Lawyer: Client wasn't trying to run over Mooresville officer in U-Haul van

MOORESVILLE, N.C. — The lawyer for a man charged with racing toward a Mooresville police officer in a U-Haul van said his client wasn't trying to hit the officer.

Jeffrey Stewart's lawyer said the charges were filed to protect officer Jordan Sheldon, who he says overreacted.

Authorities said nobody was injured after Sheldon fired shots at Stewart near a U-Haul van late Sunday night.

Stewart raced toward Sheldon, and that was when the officer fired shots.


[IMAGES: Officer opens fire on U-haul van in Mooresville]

The Mooresville police chief told Channel 9 that the van was parked outside Fire Station 3 on Shearers Road and that officers responded to a suspicious vehicle call there around 11:30 p.m.

Joey Perkins, who lives nearby, said he knows the people the officer encountered.

He said he's had trouble with them, and he's not surprised a visit from police didn't go well.

“I told police they ain't supposed to be down there,” Perkins said.

When Sheldon arrived, he encountered two vehicles with several people in them in the parking lot of the fire station.

The chief said the driver "failed to comply" with the officers' orders and that Sheldon fired shots as Stewart charged at the officer in the parking lot.

Channel 9 crews could see about a dozen bullet holes in the door of the U-Haul van.

Stewart, who was not hurt, was taken into custody.

Perkins said Stewart has had run-ins with the group involved.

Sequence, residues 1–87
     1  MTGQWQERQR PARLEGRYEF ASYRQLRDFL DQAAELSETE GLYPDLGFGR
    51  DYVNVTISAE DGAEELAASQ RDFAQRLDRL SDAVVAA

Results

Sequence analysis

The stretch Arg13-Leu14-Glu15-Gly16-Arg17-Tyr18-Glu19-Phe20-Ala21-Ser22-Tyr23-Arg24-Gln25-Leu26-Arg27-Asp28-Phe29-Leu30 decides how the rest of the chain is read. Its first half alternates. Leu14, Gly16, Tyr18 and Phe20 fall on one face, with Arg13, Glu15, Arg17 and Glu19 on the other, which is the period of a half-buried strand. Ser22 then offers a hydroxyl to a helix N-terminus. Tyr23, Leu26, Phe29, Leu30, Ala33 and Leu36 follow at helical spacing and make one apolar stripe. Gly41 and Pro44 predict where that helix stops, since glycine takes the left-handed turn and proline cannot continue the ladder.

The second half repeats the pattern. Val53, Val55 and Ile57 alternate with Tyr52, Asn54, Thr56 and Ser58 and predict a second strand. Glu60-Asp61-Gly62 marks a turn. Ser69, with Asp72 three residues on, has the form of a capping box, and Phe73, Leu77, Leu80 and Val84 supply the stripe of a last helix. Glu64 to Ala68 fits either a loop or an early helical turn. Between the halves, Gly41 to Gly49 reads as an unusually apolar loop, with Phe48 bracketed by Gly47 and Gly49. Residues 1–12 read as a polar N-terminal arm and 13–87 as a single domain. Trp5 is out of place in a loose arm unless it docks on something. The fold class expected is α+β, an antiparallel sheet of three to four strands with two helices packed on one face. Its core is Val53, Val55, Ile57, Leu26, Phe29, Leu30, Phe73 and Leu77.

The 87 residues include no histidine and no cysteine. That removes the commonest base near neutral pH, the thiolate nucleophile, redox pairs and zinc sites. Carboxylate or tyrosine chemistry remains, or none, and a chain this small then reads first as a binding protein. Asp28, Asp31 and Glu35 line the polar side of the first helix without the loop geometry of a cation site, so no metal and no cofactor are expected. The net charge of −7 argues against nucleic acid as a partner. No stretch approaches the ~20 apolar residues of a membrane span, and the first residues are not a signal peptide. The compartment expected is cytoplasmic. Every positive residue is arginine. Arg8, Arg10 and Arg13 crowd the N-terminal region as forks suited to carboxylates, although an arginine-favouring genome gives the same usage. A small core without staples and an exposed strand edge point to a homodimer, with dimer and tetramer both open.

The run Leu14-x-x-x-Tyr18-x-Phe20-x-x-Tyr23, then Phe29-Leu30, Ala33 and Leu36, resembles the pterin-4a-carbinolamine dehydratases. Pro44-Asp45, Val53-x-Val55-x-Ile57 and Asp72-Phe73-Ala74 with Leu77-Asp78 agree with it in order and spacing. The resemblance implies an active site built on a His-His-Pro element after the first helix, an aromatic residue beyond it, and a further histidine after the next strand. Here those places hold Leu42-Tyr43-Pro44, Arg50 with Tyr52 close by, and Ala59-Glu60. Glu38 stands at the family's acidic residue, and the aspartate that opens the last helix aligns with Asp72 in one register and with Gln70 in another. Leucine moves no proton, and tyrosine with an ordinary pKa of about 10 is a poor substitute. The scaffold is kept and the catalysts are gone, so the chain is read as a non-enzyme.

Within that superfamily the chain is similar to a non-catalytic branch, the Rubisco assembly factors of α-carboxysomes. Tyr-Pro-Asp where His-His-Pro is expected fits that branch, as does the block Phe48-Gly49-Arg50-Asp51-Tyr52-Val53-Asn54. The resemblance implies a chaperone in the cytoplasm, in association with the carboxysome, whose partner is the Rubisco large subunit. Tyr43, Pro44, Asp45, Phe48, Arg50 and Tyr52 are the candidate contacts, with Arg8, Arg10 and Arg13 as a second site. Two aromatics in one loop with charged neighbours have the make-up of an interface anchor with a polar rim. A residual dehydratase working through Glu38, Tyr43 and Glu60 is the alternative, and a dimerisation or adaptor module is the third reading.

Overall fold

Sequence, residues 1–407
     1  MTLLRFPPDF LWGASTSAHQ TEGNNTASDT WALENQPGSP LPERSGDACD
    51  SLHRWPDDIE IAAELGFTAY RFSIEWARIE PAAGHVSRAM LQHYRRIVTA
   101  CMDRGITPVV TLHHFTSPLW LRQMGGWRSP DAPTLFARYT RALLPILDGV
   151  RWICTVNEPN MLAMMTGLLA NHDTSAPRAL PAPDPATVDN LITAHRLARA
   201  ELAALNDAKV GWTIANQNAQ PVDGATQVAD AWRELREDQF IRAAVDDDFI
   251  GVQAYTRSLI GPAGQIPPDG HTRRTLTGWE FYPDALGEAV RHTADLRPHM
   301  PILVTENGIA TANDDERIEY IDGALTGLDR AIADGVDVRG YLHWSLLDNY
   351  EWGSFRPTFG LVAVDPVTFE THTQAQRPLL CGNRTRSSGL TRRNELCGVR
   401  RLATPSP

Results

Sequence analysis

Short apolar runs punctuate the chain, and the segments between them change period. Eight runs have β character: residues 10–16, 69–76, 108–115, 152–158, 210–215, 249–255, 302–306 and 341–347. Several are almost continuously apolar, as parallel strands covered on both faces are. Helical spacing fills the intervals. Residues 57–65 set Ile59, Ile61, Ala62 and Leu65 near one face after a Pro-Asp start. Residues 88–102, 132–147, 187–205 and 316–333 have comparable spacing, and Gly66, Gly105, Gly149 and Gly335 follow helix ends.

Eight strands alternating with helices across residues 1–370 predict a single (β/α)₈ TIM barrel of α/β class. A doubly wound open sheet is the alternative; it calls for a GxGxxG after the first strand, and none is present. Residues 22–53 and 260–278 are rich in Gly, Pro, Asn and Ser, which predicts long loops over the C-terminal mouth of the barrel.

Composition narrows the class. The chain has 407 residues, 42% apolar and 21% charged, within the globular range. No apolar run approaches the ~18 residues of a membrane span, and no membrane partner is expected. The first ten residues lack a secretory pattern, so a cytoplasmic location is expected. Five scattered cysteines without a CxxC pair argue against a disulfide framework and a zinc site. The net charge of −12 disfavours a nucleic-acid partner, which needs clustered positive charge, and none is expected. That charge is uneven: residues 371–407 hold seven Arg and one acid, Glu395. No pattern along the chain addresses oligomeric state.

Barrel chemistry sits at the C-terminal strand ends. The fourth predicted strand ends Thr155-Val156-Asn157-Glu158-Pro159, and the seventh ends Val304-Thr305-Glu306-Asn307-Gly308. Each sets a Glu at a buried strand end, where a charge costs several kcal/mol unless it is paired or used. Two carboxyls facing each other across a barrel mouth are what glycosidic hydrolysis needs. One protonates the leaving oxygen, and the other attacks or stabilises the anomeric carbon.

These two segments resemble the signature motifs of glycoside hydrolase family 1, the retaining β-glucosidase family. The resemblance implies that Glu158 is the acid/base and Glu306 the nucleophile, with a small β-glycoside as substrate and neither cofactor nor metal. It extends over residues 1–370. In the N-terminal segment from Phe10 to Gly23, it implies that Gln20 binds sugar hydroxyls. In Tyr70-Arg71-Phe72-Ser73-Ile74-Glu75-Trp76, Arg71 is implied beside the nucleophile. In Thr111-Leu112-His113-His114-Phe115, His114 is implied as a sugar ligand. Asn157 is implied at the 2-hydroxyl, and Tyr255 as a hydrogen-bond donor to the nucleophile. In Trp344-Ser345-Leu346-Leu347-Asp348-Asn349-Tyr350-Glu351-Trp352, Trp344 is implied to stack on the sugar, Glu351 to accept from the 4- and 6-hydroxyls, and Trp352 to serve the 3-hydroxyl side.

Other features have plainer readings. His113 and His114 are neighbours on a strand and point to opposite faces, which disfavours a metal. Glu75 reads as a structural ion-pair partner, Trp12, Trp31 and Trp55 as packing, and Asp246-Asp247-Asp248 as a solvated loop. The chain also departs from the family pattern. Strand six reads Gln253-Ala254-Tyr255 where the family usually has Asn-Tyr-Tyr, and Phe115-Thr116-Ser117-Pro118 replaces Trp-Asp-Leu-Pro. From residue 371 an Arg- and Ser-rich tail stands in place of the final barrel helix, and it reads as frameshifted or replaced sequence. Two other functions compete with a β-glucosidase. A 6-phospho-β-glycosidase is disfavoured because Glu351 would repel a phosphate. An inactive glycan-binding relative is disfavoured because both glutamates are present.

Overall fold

“It's all pretty much probably drug-related,” Perkins said. “They all were down there and doing drugs and had been doing them.”

Chief Damon Williams suggested the officer's life was put in danger in the moments before he opened fire.

“A vehicle can be used as a deadly weapon,” he said. “That definitely changes the circumstances that the officers have to adjust to and have to deal with.”

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Police are trying to figure out if the driver had anything dangerous in the van. The State Bureau of Investigations is also investigating the incident.

"That sequence of events, especially if a vehicle is accelerating, it's very common where the officer decides to shoot as the vehicle is in front of him or her,” law enforcement attorney Scott MacLatchie said. “By the time the trigger is pulled, and the bullets leave the gun, the vehicle position has changed."

Sheldon is on administrative leave, which is policy after that type of incident.

Check back with wsoctv.com for updates on this story.

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